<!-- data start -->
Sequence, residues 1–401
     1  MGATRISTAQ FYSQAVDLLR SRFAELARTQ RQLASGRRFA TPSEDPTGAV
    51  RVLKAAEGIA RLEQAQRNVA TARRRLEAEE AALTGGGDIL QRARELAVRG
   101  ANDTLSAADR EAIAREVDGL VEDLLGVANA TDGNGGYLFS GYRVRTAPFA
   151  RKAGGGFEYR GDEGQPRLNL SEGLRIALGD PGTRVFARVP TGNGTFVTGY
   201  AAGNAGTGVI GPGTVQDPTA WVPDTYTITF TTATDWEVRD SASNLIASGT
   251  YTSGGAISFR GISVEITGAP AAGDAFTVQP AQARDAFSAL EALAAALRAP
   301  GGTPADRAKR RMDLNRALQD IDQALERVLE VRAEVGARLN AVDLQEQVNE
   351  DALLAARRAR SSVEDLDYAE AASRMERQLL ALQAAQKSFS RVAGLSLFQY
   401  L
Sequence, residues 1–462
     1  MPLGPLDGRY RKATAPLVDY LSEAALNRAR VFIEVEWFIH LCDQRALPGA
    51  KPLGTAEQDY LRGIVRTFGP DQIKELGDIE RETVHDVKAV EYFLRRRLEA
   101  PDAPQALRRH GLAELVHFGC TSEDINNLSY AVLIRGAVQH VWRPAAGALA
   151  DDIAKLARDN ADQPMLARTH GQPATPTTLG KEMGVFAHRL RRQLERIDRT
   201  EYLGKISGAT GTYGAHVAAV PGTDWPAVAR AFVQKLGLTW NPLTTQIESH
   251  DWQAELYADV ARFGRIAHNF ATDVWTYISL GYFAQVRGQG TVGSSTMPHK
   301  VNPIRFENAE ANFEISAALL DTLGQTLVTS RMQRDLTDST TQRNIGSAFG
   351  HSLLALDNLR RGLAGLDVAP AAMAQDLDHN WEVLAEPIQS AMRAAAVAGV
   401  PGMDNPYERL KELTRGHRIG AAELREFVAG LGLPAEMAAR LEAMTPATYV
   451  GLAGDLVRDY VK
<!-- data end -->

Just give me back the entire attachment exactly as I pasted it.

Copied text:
Sequence, residues 1–401
     1  MGATRISTAQ FYSQAVDLLR SRFAELARTQ RQLASGRRFA TPSEDPTGAV
    51  RVLKAAEGIA RLEQAQRNVA TARRRLEAEE AALTGGGDIL QRARELAVRG
   101  ANDTLSAADR EAIAREVDGL VEDLLGVANA TDGNGGYLFS GYRVRTAPFA
   151  RKAGGGFEYR GDEGQPRLNL SEGLRIALGD PGTRVFARVP TGNGTFVTGY
   201  AAGNAGTGVI GPGTVQDPTA WVPDTYTITF TTATDWEVRD SASNLIASGT
   251  YTSGGAISFR GISVEITGAP AAGDAFTVQP AQARDAFSAL EALAAALRAP
   301  GGTPADRAKR RMDLNRALQD IDQALERVLE VRAEVGARLN AVDLQEQVNE
   351  DALLAARRAR SSVEDLDYAE AASRMERQLL ALQAAQKSFS RVAGLSLFQY
   401  L
Sequence, residues 1–462
     1  MPLGPLDGRY RKATAPLVDY LSEAALNRAR VFIEVEWFIH LCDQRALPGA
    51  KPLGTAEQDY LRGIVRTFGP DQIKELGDIE RETVHDVKAV EYFLRRRLEA
   101  PDAPQALRRH GLAELVHFGC TSEDINNLSY AVLIRGAVQH VWRPAAGALA
   151  DDIAKLARDN ADQPMLARTH GQPATPTTLG KEMGVFAHRL RRQLERIDRT
   201  EYLGKISGAT GTYGAHVAAV PGTDWPAVAR AFVQKLGLTW NPLTTQIESH
   251  DWQAELYADV ARFGRIAHNF ATDVWTYISL GYFAQVRGQG TVGSSTMPHK
   301  VNPIRFENAE ANFEISAALL DTLGQTLVTS RMQRDLTDST TQRNIGSAFG
   351  HSLLALDNLR RGLAGLDVAP AAMAQDLDHN WEVLAEPIQS AMRAAAVAGV
   401  PGMDNPYERL KELTRGHRIG AAELREFVAG LGLPAEMAAR LEAMTPATYV
   451  GLAGDLVRDY VK